* Israel focused on Hamas tunnels, ready for long haul
* Palestinian civilian toll mounts; Hamas fights, defiant
* U.N.'s Ban to visit the region in peace bid
By Nidal al-Mughrabi and Ari Rabinovitch
GAZA/JERUSALEM, July 19 (Reuters) - Israeli forces on Saturday pressed ahead with a ground offensive in the Gaza Strip, where Palestinian militants kept firing rockets deep into Israel's heartland, pushing the death toll past 300 in almost two weeks of conflict.
Palestinian officials said 65 Palestinians, at least 15 of them under the age of 18, have been killed since Israel sent ground forces on Thursday into the densely populated enclave of 1.8 million Palestinians.
During that time, more than 135 rockets have been fired from Gaza, though many were shot down by Israel's Iron Dome missile-defense shield, including some over the country's commercial capital Tel Aviv, causing no casualties.
The Israeli military said it killed 17 Palestinian gunmen while 21 others surrendered and were taken for questioning after the infantry and tank assault began in the territory dominated by the Islamist Hamas.
One Israeli soldier was killed in an apparent friendly fire incident, the military said, and several other troops were wounded in the ground operations. It said some 240 targets, including 21 concealed rocket launchers and 10 tunnels, have been attacked.
U.S. President Barack Obama said on Friday he had spoken to Prime Minister Benjamin Netanyahu, underscoring Washington's support for Israel to defend itself but raising concerns about "the risks of further escalation" and additional loss of innocent lives.
"We are hopeful that Israel will continue to approach this process in a way that minimises civilian casualties," Obama told reporters at the White House.
U.N. Secretary-General Ban Ki-moon planned to travel to the Middle East on Saturday in a bid to end the hostilities.
At an emergency session of the U.N. Security Council on Friday, U.N. political affairs chief Jeffrey Feltman condemned rocket fire into Israel but voiced alarm at "Israel's heavy response".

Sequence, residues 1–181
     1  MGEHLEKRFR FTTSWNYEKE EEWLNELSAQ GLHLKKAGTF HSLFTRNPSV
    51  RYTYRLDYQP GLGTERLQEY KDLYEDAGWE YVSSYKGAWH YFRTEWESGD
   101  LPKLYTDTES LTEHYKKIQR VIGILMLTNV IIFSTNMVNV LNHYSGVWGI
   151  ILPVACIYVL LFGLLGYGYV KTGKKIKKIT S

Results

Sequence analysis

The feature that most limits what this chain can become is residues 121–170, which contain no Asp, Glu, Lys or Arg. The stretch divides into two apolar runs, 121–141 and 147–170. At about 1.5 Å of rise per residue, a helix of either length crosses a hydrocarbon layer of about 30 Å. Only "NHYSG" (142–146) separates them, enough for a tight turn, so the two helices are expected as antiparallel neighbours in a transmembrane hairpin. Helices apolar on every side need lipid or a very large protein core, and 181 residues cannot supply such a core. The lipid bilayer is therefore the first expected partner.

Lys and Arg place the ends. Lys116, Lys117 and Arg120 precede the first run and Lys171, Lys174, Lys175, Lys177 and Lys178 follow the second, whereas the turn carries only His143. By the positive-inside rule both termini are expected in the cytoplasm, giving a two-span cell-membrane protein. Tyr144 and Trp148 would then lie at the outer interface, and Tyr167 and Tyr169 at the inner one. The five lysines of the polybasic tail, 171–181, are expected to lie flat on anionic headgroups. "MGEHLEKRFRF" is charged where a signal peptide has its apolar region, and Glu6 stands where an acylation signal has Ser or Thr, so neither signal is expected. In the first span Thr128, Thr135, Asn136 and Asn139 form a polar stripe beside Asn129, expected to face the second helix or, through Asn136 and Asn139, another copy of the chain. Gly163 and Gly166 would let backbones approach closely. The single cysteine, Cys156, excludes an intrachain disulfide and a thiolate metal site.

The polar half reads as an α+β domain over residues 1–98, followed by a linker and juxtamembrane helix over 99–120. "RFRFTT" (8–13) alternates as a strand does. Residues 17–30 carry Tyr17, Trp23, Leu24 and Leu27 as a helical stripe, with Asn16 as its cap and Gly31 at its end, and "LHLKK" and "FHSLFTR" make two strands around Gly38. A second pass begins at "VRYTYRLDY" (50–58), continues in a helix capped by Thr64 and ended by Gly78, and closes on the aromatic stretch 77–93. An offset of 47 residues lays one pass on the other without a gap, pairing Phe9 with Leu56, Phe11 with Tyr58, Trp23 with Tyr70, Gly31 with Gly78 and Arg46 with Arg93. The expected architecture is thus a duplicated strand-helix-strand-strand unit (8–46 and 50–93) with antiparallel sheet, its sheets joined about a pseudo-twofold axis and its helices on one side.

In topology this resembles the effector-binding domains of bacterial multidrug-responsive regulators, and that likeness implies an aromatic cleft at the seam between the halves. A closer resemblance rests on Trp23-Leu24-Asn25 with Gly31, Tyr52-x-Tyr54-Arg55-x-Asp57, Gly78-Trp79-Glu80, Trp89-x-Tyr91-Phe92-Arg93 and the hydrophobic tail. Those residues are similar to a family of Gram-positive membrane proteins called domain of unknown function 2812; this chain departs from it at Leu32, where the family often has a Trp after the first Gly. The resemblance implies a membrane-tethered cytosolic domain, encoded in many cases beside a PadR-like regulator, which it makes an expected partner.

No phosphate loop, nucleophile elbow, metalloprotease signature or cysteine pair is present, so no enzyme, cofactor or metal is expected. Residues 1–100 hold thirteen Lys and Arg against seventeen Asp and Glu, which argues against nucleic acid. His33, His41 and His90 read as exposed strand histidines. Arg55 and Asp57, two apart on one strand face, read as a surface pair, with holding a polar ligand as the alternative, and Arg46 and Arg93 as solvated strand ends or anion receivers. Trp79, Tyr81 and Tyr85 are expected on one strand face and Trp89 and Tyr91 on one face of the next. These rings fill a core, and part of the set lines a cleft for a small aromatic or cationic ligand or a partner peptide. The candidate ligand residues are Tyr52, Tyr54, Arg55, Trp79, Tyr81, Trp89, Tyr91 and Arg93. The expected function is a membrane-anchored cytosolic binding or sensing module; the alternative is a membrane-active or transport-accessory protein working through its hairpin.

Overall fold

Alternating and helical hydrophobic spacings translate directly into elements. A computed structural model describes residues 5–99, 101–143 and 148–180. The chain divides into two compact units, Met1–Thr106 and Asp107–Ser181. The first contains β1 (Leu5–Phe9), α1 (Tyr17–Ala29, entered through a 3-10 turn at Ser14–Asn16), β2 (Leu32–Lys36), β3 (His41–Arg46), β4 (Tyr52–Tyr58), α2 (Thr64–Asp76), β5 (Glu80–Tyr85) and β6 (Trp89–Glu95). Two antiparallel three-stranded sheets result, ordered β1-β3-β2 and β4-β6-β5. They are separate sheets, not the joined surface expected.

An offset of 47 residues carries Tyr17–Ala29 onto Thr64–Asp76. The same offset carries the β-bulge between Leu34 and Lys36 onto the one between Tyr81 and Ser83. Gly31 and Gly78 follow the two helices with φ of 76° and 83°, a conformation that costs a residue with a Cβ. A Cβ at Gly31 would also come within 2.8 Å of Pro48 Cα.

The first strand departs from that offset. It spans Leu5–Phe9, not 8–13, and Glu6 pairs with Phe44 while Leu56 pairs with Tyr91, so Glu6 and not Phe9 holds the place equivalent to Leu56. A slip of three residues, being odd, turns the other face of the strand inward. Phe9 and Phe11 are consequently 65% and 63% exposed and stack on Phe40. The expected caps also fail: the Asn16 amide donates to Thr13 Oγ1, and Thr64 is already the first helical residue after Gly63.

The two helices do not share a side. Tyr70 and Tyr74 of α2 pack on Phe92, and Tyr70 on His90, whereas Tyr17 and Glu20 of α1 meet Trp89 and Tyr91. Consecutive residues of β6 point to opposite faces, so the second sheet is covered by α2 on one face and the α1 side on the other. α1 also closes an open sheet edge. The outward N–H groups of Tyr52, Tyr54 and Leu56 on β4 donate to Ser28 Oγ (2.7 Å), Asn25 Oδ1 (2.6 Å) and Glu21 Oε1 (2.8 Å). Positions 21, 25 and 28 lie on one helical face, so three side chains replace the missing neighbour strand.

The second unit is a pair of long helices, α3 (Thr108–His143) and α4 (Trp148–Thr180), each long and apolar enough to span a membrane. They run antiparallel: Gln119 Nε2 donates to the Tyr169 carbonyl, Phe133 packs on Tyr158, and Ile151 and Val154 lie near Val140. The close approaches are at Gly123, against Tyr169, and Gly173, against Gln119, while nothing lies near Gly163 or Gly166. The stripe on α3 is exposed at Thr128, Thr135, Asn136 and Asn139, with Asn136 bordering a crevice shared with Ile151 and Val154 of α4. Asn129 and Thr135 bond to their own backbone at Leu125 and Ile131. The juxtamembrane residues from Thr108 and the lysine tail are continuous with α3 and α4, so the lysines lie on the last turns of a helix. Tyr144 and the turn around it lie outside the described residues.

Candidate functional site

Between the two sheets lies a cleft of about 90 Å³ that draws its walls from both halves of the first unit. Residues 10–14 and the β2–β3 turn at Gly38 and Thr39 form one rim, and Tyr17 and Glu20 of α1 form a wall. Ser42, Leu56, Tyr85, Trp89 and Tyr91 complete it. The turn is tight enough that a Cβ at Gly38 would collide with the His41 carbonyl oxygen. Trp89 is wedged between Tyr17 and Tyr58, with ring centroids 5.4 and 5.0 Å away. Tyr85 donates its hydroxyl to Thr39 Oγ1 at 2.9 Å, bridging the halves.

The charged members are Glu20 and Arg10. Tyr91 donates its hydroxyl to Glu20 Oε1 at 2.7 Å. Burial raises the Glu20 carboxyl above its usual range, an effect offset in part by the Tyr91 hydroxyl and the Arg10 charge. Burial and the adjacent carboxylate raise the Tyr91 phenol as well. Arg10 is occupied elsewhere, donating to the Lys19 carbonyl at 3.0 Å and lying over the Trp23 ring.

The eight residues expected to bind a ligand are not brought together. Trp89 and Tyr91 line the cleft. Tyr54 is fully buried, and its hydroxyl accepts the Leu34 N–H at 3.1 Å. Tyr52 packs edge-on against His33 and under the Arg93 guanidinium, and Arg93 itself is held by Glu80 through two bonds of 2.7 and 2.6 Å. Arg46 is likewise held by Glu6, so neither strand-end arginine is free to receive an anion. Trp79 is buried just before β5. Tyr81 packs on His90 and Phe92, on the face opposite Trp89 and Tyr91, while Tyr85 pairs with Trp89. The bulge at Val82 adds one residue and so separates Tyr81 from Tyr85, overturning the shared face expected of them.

The Israeli land advance followed 10 days of barrages against Gaza from air and sea, about 1,500 rockets fired by Hamas into Israel, and failed attempts to secure a truce by Egypt, a broker of ceasefires in previous Israeli-Palestinian flare-ups.
"We chose to start this operation after we exhausted other options and reached the conclusion that without it we could pay a much higher price," Netanyahu said on Friday. "The main goal is to restore quiet.
"My instructions ... to the Israeli army, with the approval of the security cabinet, is to prepare for the possibility of a widening, a significant widening of the ground operation."
He did not say what form a broadened offensive might take. Israel says its forces have focused so far on seeking out tunnels Palestinian militants might use for cross-border raids and moving weaponry.
One such infiltration was thwarted on Thursday: the army said it had repelled 13 Hamas gunmen after they emerged from a tunnel close to an Israeli farming community.
Gaza officials said 299 Palestinians had been killed since fighting began on July 8 - most of them civilians, including at least 50 under the age of 18.
There have been two Israeli fatalities - the soldier and a civilian, who was killed by a rocket. More than 100 rocket bursts each day at southern Israel and the heartland Tel Aviv area have sent hundreds of thousands dashing for shelters.
Gaza residents said Israeli forces have moved several hundred metres (yards) into the north of the enclave and their deployment in the south of the territory was slightly deeper.
Hamas said its men were hitting Israeli tanks with mortar rounds and setting off bombs against troops crossing the sandy frontier under smokescreens.
Hospital officials said seven civilians were killed in an air strike overnight in southern Gaza. The Israeli military said it was looking into the report.
Hamas wants Israel and Egypt, whose military-backed government is at odds with the Palestinian Islamists, to lift border restrictions that have deepened Gaza's economic hardship and unemployment.
Israel briefly halted its Gaza assaults on Tuesday after accepting an Egyptian truce proposal. But Hamas, an offshoot of the outlawed Muslim Brotherhood in Egypt, said the plan failed to address its demands on ending the border blockades and releasing hundreds of its activists in the occupied West Bank held by Israel.
Though they are die-hard enemies, Israel says it does not intend to topple Hamas, the dominant Islamist force in Gaza.
The current conflict - the worst warfare between Israelis and Palestinians in two years - was stoked by the killing of three Israeli teenagers in the West Bank last month and the death on July 2 of a Palestinian youth in a suspected revenge murder.
Israel last mounted a large-scale invasion of the Gaza Strip during a three-week war in late 2008 and early 2009 that claimed 1,400 Palestinian and 13 Israeli lives. (Editing by Mohammad Zargham)
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